By David Joel Miller, MS, Licensed Therapist & Licensed Counselor.
Shouldn’t people with low IQ’s act more maturely?
Morning Question #27
That immaturity is actually a part of how intelligence was first measured. People’s chronological age does not always match their mental age.
The original idea was to measure their mental age and compare that to their chronological age. People who thought like a younger person were given a low IQ score.
IQ tests have been refined over the years and we know that IQ is in fact made up of many different factors. Some people are good at math and some are better with words. Since a lot of IQ tests consist of words on paper they are biased in favor of those who know more words.
Someone who has lived ten years should be in the 5th grade and should act like they were 10. But if they have a low IQ score, they score mentally like a 5-year-old and they should know what a 5-year-old knows, they probably will act like a 5-year-old also.
People also have something which is called emotional intelligence. Someone can be 30, score highly on an IQ test, and still act and feel emotionally like they are a teen. We all know people who act like that.
Someone who has not yet learned the lessons necessary to think like a 30-year-old would also presumably act less mature emotionally than their chronological age.
There are standard development tasks that are customarily learned at a particular age. Failure to learn those tasks will affect the person’s mental and emotional behavior until learned.
Moral reasoning is also learned over time. We do not expect preschoolers to understand the difference between right and wrong in the same way adults should understand these differences. Unfortunately, right now it is hard to tell some politicians from preschoolers but that is another subject.
One place we do great damage to children and those with a low IQ is to expect them to act and behave like a much older person. It is easy to see that a small child cannot carry a heavy object until they grow up. It is harder to understand that a child can’t understand how to be more mature until they, in fact, become more mature and that takes time.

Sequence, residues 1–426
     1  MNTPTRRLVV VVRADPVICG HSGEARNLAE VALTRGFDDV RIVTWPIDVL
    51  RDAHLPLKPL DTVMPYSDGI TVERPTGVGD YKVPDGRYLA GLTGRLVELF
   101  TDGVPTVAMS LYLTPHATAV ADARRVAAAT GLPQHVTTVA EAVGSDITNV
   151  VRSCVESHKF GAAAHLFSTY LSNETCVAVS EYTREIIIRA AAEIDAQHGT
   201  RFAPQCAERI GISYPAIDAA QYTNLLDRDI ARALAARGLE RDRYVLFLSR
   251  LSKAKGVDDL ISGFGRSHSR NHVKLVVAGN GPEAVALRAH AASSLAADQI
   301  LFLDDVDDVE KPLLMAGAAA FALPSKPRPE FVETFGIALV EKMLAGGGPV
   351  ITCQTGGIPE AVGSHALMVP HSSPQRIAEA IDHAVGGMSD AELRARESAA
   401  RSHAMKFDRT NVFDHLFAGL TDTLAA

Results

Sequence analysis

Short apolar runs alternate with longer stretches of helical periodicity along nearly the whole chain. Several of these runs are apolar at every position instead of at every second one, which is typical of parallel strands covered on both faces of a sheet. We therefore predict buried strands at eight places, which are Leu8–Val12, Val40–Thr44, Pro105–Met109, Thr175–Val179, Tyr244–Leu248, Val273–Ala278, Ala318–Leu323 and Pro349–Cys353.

Yelling at a child to grow up and act their age does not, in fact, make them older or more emotionally mature. Pressuring young children to do things beyond their ability can do long-term damage to their emotions. We may need to set high expectations sometimes to motivate people but we should not punish them when our expectations turn out to be unrealistic.
The rub comes in most severely in the mentally challenged. Most of us can see that a child of five cannot play NFL football; they are not physically mature enough. But when it comes to the developmentally delayed it is harder to understand that while their bodies may look mature their understanding is still immature.
We should expect an emotionally immature person to act in an immature way and not upset ourselves when they can’t meet our unrealistic expectations.
So what do you think? Any comments on emotional maturity?
Staying connected with David Joel Miller
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Pingback: Part 1- Immaturity and Maturity (turning away from evil) « power of language blog: partnering with reality by JR Fibonacci
Pingback: Part 1- Immaturity and Maturity « power of language blog: partnering with reality by JR Fibonacci
So funny! I’m 44…at times I’m too mature and serious!
Flip the coin and I act like a child! *laughing* I feel like skipping and singing, ring a ring a rosy!
I’m 71 sakuraandme, I agree for I am like you only older. I think now and then we all have a little child in us that needs to come out and laugh and play.
Haha! I totally agree. 🙂
Lifes too short to be so serious all the time. Hugs Paula xxxx